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Inspiration

This Video Is A Reminder That Safe Spaces & Vulnerability Are Key To Our Collective Healing

Recently, Candice Brathwaite-Aboderin posted an IG reel sharing a vulnerable moment she experienced at the dentist's and how she deeply appreciated the care her doctor provided. As I watched Brathwaite-Aboderin’s tears roll down her face, it brought back an almost identical moment I had at the dentist roughly a year ago. The numbing gel they used didn’t work the way it should have, and the pain of the following injection was truly unbearable.


Though I’m not one who’s normally afraid of the dentist, that moment in my doctor’s chair triggered a flood of emotions from various instances throughout my life when I was in pain but wasn’t allowed to express those feelings. Just as Brathwaite-Aboderin’s dentist, mine wiped my tears and was very comforting at that moment, which further shocked my system because, as a Black woman, that’s not the response I’m used to receiving when I’m in pain.

When I later discussed this moment with my therapist, I explained to her that I didn’t even realize I needed to be comforted in such a way because I’d convinced myself that it wasn’t something I was ever going to receive.

Dr. Joy Harden Bradford, licensed psychologist and founder of Therapy for Black Girls, says, “For so long society has told us that as Black women we have to hold it all together and rarely show emotion that I think it has left many of us out of touch with our feelings which is why we can be so taken aback when we experience genuine acts of kindness and care.”

Brathwaite-Aboderin shared a similar sentiment in her caption, “We are so accustomed to watching Black women in defense mode or having to challenge and fight for themselves that when we see raw emotion from them, it often highlights the lack of humanity we decide to give them.”

“We are so accustomed to watching Black women in defense mode or having to challenge and fight for themselves that when we see raw emotion from them, it often highlights the lack of humanity we decide to give them.”

I speak to the lack of humanity Black women are allotted by society through conversations centered around misogynoir and the variety of ways it manifests in our lives, whether that be through domestic violence, the way Black women are vilified for being their authentic selves, or how our vulnerability is an act of resistance against the systemic racism, and sexism Black women face daily.

Yet, a piece of this conversational puzzle that is often missing is how do we, as Black women, find and maintain spaces of safety in a world that often expects us to be superheroes?

Rhonda Richards-Smith, a Los Angeles-based psychotherapist and wellness expert, says “The more Black women engage in therapy and community healing spaces, the more comfortable we become with sharing our vulnerabilities, fears and needs with those we are closest to.” Richards-Smith continues, “As we embrace our humanity, we gain a greater understanding that we are more than deserving of having our wants, needs, and desires met.”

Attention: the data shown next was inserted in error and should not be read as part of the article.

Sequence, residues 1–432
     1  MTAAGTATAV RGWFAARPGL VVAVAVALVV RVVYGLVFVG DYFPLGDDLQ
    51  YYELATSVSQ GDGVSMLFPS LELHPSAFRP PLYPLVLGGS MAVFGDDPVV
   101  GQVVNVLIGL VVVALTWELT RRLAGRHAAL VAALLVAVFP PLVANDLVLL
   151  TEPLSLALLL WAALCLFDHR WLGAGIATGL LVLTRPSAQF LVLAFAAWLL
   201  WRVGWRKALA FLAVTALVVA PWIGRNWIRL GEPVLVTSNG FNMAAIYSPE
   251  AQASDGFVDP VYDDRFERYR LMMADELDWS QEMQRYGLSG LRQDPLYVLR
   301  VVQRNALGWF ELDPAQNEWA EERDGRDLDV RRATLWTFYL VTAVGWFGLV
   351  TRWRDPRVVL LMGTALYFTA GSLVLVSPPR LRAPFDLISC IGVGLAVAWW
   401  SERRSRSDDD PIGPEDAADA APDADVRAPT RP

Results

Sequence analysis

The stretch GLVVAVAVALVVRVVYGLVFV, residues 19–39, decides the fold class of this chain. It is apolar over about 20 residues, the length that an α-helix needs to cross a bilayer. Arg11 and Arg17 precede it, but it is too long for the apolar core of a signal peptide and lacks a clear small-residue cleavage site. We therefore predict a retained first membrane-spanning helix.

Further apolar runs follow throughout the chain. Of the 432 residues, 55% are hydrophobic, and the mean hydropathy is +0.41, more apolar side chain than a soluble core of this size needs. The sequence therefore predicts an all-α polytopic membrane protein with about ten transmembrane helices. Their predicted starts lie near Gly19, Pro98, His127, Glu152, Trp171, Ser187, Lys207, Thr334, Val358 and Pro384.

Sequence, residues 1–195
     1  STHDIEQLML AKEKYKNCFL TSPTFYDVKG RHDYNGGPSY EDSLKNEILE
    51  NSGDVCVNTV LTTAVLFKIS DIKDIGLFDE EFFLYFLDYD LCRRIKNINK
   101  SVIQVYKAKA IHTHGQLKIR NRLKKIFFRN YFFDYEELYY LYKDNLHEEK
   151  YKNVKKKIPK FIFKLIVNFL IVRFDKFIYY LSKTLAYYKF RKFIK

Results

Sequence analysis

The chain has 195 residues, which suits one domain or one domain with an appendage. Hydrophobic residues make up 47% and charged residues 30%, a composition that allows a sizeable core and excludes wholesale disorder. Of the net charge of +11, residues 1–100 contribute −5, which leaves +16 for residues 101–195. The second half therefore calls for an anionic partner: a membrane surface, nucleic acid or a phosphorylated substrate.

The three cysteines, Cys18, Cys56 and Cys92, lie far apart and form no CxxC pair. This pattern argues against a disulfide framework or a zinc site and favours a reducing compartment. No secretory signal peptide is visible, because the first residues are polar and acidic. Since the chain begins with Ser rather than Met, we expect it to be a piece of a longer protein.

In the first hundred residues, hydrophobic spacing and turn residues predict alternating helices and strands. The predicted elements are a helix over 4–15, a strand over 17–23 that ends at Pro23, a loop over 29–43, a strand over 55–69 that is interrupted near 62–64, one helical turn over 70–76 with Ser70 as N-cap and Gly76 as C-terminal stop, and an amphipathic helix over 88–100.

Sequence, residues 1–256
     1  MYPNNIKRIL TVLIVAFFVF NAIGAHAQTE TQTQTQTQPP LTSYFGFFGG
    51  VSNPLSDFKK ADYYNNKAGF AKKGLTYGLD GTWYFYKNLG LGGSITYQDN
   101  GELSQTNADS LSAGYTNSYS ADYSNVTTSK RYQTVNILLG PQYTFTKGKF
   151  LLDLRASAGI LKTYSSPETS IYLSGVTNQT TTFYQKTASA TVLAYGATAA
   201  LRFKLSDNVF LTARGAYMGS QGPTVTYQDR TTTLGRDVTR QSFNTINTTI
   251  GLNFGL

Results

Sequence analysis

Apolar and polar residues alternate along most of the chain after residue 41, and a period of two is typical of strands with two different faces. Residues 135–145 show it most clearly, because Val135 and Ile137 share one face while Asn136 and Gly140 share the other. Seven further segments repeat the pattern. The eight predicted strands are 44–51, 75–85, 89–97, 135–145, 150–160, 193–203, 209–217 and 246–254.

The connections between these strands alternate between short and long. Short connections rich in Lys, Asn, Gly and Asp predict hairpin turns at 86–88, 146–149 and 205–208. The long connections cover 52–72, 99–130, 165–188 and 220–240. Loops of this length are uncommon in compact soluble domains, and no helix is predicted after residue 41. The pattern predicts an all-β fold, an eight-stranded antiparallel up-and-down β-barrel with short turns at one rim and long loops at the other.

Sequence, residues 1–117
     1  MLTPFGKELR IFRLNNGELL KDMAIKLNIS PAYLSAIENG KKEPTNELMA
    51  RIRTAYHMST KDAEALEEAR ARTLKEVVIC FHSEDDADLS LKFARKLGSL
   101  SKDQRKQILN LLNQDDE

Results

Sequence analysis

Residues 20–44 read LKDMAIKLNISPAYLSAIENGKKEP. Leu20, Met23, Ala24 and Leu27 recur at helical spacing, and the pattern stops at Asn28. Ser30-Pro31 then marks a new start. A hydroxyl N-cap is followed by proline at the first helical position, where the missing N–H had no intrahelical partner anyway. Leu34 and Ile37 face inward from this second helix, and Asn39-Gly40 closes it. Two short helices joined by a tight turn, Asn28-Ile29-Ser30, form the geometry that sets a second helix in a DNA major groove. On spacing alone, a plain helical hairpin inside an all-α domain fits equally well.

Black women are collectively beginning to metaphorically take off our capes and share the reality that we’re not always okay. In a recent clip shared from Selling Sunset, Amanza Smith and Chelsea Lazkani share a vulnerable moment on how Black women are taught to hide their pain and suffer in silence. Smith shared that “she didn’t want to have to do that anymore,” and how she wants to share the moments she’s struggled in the past with others so they can see they’re not alone and that there is space for their healing.

Bradford says, “It’s important for us to be vulnerable…it frees us and allows us to connect more deeply with our feelings, but it also creates a space for those around us to share more authentically.” Richards-Smith echos this sentiment, “Many Black women suffer in silence, which unfortunately furthers the Superwoman Syndrome phenomenon. By sharing our personal stories of healing and vulnerability with our communities in safe spaces, we give others courage to do the same.”

"By sharing our personal stories of healing and vulnerability with our communities in safe spaces, we give others courage to do the same."

As Black women continue to be honest about the impact daily microaggressions have on us, whether it’s Beyoncé sharing in her latest documentary Renaissance, “I feel like, being a Black woman, the way people communicate with me is different ... Everything is a fight. It’s almost like a battle against your will,” or Megan Thee Stallion producing songs like "Cobra" discussing her battles with mental health, Black women on a micro and macro level are beginning to create spaces for each other to fully exist in our humanity unapologetically.

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Featured image by Thought Catalog on Unsplash

 

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